Former Adelaide captain Taylor Walker has been sanctioned by the AFL following a racist comment about Narungga and Ngarrindjeri man and North Adelaide player, Robbie Young. 

The comment was made during a Crows reserves match in the SANFL on July 17 and was reported by a Crows official who overheard Walker make the comment. The official reported the matter to the club who then informed the AFL.

The AFL confirmed on Friday that Walker would be excluded from the Crows next six AFL matches, make a donation of $20,000 to a South Australian Indigenous program, undergo an education program as well as apologise to both Adelaide and North Adelaide players for his conduct.

North Adelaide’s Robbie Young. Photo supplied.

Walker released a statement expressing his remorse and commitment to further educating himself moving forward. 

“There is no excuse or justification for the words I said. They are unacceptable and I take full accountability for that,” Walker said.

“I am deeply ashamed. I did not intend to cause harm, but I know and understand that I have caused deep hurt to the official who reported the matter and to Robbie Young, to both of their families and to the wider Aboriginal and Torres Strait Islander community.

“I apologise to all of them and to the Adelaide and North Adelaide Football Clubs.”

Walker asked that the public respect the wishes of the official who reported the matter to not be identified.

“The official who reported this showed courage and leadership in calling out what I said, and I am determined to do what I can to emulate his actions,” he said.

“I want to be an active participant in addressing racism in our game and the wider community. This starts by educating myself so I can influence others and make a positive difference moving forward.

“I know I need to back up my apology with action, and this is my commitment.”

Chair of the Indigenous Players Alliance Des Headland spoke to NIT about the issue and said he is disappointed the comments came from a player who has captained a side that has a history of Indigenous champions.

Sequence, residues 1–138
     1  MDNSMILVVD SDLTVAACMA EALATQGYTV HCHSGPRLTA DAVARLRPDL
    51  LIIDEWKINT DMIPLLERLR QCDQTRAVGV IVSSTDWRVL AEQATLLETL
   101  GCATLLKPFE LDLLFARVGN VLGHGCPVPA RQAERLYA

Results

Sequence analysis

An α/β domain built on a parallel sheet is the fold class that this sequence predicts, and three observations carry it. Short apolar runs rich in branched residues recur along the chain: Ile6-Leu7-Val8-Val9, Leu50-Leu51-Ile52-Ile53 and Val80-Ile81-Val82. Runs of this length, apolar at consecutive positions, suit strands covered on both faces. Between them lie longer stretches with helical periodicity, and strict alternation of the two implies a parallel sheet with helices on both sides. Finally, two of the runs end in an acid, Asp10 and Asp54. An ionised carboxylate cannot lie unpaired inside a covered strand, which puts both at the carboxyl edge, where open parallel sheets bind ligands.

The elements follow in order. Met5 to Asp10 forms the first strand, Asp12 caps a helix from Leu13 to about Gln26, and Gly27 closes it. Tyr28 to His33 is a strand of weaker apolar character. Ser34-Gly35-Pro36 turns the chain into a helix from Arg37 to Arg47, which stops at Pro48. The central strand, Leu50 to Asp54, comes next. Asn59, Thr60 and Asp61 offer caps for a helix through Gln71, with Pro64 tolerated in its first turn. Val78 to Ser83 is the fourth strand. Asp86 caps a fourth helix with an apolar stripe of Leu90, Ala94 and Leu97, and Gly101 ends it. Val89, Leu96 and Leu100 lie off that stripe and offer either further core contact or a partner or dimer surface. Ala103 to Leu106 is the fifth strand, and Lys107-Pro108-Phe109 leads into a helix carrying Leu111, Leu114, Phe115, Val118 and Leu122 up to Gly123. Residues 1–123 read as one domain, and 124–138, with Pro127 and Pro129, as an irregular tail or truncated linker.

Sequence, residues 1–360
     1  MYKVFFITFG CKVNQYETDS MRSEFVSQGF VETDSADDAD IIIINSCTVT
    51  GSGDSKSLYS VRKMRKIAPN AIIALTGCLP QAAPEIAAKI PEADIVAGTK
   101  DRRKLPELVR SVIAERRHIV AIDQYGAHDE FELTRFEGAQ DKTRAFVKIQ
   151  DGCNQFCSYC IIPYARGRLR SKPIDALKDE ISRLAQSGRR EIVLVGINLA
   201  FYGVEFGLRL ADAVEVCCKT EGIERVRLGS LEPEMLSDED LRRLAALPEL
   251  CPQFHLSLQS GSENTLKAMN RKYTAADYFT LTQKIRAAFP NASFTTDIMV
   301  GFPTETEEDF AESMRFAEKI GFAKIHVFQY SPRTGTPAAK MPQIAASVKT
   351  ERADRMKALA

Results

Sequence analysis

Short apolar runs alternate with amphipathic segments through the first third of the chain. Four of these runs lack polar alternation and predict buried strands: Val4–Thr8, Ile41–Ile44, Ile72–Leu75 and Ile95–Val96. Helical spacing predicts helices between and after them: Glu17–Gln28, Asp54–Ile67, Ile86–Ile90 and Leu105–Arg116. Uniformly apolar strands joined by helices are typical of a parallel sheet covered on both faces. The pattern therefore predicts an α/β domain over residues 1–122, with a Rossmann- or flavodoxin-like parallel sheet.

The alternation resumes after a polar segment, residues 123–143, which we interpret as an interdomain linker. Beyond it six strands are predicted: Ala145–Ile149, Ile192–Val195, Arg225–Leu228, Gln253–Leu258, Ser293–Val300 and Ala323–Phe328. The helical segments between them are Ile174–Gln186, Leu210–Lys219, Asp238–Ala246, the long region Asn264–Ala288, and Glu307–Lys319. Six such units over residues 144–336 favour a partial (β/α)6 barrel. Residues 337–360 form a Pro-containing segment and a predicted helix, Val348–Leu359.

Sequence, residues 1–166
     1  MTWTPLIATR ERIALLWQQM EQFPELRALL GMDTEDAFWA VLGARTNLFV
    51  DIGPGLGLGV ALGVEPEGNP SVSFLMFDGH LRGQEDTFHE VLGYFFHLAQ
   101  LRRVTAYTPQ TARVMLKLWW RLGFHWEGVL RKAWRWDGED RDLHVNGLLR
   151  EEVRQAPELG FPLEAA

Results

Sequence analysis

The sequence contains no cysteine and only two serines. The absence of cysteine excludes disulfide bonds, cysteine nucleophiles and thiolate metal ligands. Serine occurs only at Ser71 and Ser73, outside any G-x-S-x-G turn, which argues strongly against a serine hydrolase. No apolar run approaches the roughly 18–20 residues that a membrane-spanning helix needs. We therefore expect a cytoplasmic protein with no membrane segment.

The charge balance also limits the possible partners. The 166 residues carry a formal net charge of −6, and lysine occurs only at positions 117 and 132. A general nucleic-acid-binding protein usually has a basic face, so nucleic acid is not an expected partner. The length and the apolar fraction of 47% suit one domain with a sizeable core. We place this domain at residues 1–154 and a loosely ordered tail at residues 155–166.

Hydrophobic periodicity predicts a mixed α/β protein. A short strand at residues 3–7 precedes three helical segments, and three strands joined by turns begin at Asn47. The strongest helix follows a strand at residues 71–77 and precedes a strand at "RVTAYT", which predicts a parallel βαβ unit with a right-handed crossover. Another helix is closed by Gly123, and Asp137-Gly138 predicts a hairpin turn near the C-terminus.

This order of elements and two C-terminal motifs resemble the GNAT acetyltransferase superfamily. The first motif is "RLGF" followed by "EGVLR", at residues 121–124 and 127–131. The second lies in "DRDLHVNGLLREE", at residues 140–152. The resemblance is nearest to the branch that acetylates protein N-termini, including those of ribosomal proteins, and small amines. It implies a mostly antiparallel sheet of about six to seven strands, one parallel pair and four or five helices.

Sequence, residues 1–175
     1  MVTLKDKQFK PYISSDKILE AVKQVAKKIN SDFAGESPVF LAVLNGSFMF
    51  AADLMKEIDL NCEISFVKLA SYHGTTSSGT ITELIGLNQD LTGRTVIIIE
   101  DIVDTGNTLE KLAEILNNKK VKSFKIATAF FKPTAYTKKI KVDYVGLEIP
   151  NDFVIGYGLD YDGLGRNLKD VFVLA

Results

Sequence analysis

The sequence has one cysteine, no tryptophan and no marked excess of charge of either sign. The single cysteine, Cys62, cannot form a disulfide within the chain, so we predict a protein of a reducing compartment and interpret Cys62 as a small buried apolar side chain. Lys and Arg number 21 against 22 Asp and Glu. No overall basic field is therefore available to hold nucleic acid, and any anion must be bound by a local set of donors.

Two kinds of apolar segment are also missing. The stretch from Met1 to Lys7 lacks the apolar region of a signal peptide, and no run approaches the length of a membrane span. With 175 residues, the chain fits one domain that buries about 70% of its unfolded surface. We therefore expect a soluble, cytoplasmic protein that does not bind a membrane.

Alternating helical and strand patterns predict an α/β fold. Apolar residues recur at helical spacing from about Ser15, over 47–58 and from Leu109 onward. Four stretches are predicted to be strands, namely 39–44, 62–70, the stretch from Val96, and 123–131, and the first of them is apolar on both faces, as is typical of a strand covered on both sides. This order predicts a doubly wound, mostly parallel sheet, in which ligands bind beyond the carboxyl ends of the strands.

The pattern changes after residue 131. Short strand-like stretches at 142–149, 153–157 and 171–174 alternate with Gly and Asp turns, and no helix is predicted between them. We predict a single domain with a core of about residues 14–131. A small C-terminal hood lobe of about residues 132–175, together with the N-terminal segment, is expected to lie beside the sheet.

“[Walker] has played alongside the Eddie Betts and the Charlie Camerons of the world, and I think those boys would be very disappointed to hear this was what he has done,” Headland said.

“For him to make a racial slur at a game, it shows that there is still plenty more to do to stamp out racism in the AFL world.”

Regarding the official who reported the incident, the former Fremantle great said he takes his hat off to them.

“I think the official showed real quality leadership and courage to actually call that out,” he said.

“It just goes to show that we need more people in the clubland and supporters, members and so forth, that if they hear or see that kind of behaviour that they call it out.”

AFL General Manager of Inclusion and Social Policy, Tanya Hosch, said the AFL is no place for racism and that she believes Walker understands the seriousness of the matter.

“Racist actions and behaviours are inexcusable,” Hosch said.

“I have no doubt Mr Walker is remorseful, understands that his comments can trigger trauma and seriously impact the mental health of the individuals, families and communities involved and he has accepted his sanctions.”

Walker’s current contract runs out at the end of next season.

By Teisha Cloos